For seniors graduating from area high schools this year, all they need to do to get HOPE scholarship money from the state is to maintain at least a 3.0 grade point average (GPA) in their core academic classes.
But qualifying for the HOPE scholarship is going to become more difficult.
Students graduating after May 1, 2015, will be required to take at least two classes from among college dual-enrollment, Advanced Placement (AP), International Baccalaureate (IB) and advance foreign language classes to specific classes approved by lawmakers (tinyurl.com/GSFClist) if they want to qualify for the scholarship. They must still have the required GPA.
Sophomores who will graduate after May 1, 2016, will be expected to take three advance courses if they want to qualify, while freshmen graduating after May 1, 2017, will have to take four classes.
For Guzo Rodriguez’ mother Ameli, the changes bring “real concerns” as he transitions from Dalton Middle School to Dalton High next year.
“I am worried,” she said. “I’m worried we won’t be able to afford college. I already worry about that and we save where we can, but I think we will need the HOPE. And this makes getting that harder. Four AP classes? That’s a lot.”
Guzo said he’s “not as worried.”
“I don’t know,” he said. “I’m just focused on school. I’ll work hard cause that’s what my mom wants me to do.”
Rewarding ‘top students’? Or ‘a slap
in the face’?
So what’s the reason for the changes?
Jennifer Phinney, director of school support for Dalton Public Schools, said two factors are likely a tight state budget and lawmakers looking for a “return on investment.”
“Students that don’t already have those advance courses, it’s going to be difficult for them to get (qualified),” Phinney said. “I’m concerned by the quick implementation. It’s a surprise.”
The changes came from House Bill 326 that was voted into law by the Legislature in 2011. Jonathan Stroble, senior manager of external affairs for the Georgia Student Finance Commission — an unelected, governor-appointed board that oversees HOPE distribution, among other scholarships — said the changes won’t be “significant” and will impact roughly 5 percent of students.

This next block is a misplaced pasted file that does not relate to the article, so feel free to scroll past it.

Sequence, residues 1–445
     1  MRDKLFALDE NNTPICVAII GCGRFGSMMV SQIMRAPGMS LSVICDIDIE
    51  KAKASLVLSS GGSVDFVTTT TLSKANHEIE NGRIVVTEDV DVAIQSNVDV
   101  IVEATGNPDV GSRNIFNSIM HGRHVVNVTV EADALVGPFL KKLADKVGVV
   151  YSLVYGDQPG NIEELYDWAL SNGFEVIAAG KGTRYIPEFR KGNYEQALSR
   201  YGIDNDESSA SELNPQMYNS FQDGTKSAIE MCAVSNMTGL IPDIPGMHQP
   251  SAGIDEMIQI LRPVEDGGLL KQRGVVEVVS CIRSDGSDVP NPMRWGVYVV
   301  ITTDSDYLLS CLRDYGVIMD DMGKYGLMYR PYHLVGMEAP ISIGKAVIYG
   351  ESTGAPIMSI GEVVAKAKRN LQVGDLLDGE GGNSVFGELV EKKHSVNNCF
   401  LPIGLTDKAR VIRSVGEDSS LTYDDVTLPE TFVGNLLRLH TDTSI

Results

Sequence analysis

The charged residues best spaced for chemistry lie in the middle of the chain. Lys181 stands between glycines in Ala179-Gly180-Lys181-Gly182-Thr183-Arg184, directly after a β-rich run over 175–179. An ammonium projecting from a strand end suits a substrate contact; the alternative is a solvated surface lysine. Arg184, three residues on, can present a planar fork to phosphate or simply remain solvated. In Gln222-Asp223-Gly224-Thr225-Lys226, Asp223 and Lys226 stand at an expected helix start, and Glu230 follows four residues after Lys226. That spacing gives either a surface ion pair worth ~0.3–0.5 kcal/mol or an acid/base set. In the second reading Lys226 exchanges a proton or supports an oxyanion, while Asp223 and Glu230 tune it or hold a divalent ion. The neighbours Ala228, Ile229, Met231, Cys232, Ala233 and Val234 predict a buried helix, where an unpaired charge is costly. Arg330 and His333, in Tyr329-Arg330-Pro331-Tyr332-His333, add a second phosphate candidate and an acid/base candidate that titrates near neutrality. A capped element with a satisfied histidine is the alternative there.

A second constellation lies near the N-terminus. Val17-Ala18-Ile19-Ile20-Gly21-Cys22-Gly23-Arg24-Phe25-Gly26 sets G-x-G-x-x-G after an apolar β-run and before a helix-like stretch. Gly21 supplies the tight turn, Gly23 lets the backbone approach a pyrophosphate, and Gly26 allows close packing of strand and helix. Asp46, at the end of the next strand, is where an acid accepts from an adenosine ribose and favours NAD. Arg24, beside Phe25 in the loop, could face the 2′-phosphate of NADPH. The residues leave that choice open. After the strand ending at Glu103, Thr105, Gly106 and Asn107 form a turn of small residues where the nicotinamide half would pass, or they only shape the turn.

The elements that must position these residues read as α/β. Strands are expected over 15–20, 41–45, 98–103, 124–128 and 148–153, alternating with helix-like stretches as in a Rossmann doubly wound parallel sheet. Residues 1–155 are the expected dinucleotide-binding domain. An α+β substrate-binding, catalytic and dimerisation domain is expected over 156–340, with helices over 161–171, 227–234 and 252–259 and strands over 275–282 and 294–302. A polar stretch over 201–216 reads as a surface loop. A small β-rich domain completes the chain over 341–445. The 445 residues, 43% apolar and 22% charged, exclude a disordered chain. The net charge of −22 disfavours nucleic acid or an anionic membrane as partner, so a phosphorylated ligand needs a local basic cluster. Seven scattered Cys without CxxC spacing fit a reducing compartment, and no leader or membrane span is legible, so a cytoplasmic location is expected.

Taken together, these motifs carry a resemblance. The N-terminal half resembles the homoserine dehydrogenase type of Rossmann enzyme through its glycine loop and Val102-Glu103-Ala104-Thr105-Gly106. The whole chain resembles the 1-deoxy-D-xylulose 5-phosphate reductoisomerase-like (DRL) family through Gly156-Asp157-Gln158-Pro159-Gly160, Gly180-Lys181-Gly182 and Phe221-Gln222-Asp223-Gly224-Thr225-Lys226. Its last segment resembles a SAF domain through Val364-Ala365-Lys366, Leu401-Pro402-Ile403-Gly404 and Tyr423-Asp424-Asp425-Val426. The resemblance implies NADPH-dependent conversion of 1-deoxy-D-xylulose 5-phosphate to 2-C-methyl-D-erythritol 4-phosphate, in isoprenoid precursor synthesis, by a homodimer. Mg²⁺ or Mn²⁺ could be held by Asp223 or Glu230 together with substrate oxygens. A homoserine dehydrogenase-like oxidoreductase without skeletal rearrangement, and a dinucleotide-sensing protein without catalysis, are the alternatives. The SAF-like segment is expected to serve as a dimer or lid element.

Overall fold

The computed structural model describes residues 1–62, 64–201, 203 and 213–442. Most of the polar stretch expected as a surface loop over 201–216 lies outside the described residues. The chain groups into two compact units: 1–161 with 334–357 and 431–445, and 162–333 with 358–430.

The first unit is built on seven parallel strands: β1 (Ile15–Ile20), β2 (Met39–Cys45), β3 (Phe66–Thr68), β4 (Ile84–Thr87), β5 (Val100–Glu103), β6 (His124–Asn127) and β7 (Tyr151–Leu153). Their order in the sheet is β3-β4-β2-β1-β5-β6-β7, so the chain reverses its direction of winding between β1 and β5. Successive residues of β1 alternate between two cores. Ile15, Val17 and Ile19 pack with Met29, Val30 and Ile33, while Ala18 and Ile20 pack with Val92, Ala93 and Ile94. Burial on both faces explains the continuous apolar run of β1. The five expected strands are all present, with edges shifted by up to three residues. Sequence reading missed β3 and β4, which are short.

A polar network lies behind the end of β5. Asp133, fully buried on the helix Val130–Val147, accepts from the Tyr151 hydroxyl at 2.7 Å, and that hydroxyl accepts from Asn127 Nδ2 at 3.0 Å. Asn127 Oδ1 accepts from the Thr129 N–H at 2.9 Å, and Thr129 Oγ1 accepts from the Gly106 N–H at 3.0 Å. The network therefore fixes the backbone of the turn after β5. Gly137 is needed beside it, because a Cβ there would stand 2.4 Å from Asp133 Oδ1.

“The idea was that ... we were fine-tuning the requirements to make sure students are prepared for college,” he said.
Stroble said much of the law that was passed seeks to keep the HOPE program from “essentially running dry” financially and creates a more uniform reporting system for the 180 school districts in the state. The new HOPE qualifications don’t have “a cost savings” aspect, he added.
“There’s really no savings it (the new qualifications) will create since it only impacts a small percentage,” he said, adding that the increased rigor isn’t intended to “weed out” students but to “reward top students,” making sure those students continue to take challenging courses.
“It feels like they’re forcing my hand,” Northwest Whitfield High School sophomore Jessica Reynolds said.
“I have to do what now?” she asked, raising her eyebrows when explained the changes. “I’ve never had to take an AP class before. I make good grades, like really good, but I didn’t see any need to take extra-hard classes like that. Yeah, my counselor said I should take some AP classes, but I never saw the point. I guess I do now. It just seems pushy.”
Her friend David Smith, also a sophomore, was equally shocked, but understands the logic behind the changes.
“I can see why it feels like a slap in the face when you try your best to make good grades as it is,” he said. “At the same time, part of life is working hard. It’s not unreasonable to demand more out of people. A lot of people are just lazy and they don’t like to work hard when someone tells them to.”